Joel Smith looks set to be available for selection in Round 1 of the 2024 AFL season despite being caught with cocaine in his system after a match in August.
The Melbourne forward has been provisionally suspended for returning the positive result following an in-competition doping test.
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Under the AFL’s anti-doping code, which follows World Anti-Doping Authority protocols, Smith is facing a maximum four-year ban.
But rule changes introduced in 2021 will allow the 27-year-old to serve only part of the pre-season on the sidelines if he can prove the drug was used as a ‘substance of abuse’ and not on matchday for performance reasons.
In that case Smith would receive a three-month ban, which would be further reduced to one month if he completes a treatment program.
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NRL player Brent Naden was the first high-profile footballer to benefit from the shift following a positive test after the 2020 grand final.
Smith will now lean on the rule change to avoid missing any games, aided by the delay between test, result and notification.
Joel Smith pictured after Melbourne exited the finals, unaware he would soon receive a drugs ban. Credit: JAMES ROSS/AAPIMAGE
“He’ll be back just after Christmas to start training. He won’t miss any football, he’ll be available for Round 1. That’s not really a deterrent if you ask me,” Hawthorn premiership player Campbell Brown said on Sunrise.
“If you get done allegedly testing positive on game-day, it means that you’re doing drugs in the lead-up to that.
“That’s not really respecting your teammates, the game, the supporters or the footy club. I think that’s extremely lenient.”
Smith was tested by Sport Integrity Australia (SIA) officials on August 20 after Melbourne played Hawthorn in Round 23.
He remained in the team for Round 24 and the Demons’ two finals defeats before receiving notification of the positive test last week.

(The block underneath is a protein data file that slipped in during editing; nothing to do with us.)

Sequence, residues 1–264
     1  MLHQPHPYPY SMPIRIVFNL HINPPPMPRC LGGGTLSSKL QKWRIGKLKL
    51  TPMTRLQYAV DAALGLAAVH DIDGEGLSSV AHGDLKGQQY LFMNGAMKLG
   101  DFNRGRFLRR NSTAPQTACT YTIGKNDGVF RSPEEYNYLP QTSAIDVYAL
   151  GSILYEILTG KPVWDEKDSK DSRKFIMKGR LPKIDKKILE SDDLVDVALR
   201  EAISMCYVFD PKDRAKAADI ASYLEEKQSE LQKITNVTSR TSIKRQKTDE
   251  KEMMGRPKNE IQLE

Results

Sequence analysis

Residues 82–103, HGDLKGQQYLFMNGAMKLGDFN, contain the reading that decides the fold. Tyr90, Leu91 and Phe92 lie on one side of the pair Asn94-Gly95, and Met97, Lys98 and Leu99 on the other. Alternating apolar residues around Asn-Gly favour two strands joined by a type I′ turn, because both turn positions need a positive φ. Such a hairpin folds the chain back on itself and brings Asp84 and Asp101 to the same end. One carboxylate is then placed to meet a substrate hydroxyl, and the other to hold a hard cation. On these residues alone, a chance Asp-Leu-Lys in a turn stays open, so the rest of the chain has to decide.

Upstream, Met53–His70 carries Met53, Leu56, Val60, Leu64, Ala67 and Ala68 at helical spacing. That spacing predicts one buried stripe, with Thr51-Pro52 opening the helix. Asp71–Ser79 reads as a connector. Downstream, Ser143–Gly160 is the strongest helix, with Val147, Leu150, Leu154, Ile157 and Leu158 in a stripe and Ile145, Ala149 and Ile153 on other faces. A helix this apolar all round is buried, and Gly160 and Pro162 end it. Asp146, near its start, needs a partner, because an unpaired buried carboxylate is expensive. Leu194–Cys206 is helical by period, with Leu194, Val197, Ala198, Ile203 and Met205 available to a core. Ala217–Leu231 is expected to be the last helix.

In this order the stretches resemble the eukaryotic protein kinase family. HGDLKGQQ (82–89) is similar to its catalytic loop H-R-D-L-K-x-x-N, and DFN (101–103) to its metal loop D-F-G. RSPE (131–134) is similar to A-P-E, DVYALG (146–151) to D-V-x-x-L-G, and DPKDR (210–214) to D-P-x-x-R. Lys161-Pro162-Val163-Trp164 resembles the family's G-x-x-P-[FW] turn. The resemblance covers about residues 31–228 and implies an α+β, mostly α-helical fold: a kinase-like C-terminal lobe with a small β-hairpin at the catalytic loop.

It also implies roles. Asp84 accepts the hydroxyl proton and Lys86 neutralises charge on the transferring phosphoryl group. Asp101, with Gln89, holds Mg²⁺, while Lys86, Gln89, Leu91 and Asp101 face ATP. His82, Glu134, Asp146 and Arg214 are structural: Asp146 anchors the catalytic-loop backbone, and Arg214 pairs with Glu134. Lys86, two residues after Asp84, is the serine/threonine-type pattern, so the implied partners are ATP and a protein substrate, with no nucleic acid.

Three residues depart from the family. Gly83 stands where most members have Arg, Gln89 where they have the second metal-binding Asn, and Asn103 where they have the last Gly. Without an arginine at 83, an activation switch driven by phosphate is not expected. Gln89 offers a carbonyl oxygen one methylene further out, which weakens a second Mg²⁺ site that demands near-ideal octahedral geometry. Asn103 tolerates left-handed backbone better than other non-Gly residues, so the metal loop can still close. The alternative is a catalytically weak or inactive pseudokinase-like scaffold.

With the weeks-long turnaround an inevitable factor in doping processes, Brown said the off-season timing should not allow Smith to escape without a football punishment.
“There needs to be a stronger deterrent. He’s not going to miss a game of football and the look is just absolutely horrendous,” he said.
“He’s 27 years of age, he’s been in the system eight years, he should know better.”
Hawthorn great Dermott Brereton agreed, saying Smith is “missing footy while there is no footy”.
“That’s not a suspension,” he told SEN.
Joel Smith returned to the Demons’ AFL side in Round 12 and played every game through to the end of the season. Credit: AAP
High-profile former AFL sport doctor Peter Larkins said the WADA program has become “the most complicated drug system that I’ve ever known”.
“The biggest question is why was an AFL player – who’s about to head into a finals campaign where they were a contender for a flag – taking cocaine?” he said.
“But that’s the other layer to this – the penalty is only three months if you can prove you used the product on Wednesday instead of Saturday. It gets confused.
“I believe, and I’ve always believed, stimulants… cocaine comes as a stimulant and therefore it wires people up. That’s why it is banned.
“Cocaine being illegal, and an illicit substance, it’s widespread. It’s no surprise that AFL players are around it.”
Brereton disagreed with the notion from “some younger people” that cocaine use is “not a massive issue”.
“My reaction to that is it can’t help. It can’t help you in any increment whatsoever – it can’t help you even one per cent,” he said.
“But it might detract, it might take off one per cent, this kind of behaviour.
“If you’re trying to write yourself into the history of the sport – reach a grand final and win it – why not give yourself every tiny little one per cent better chance?”
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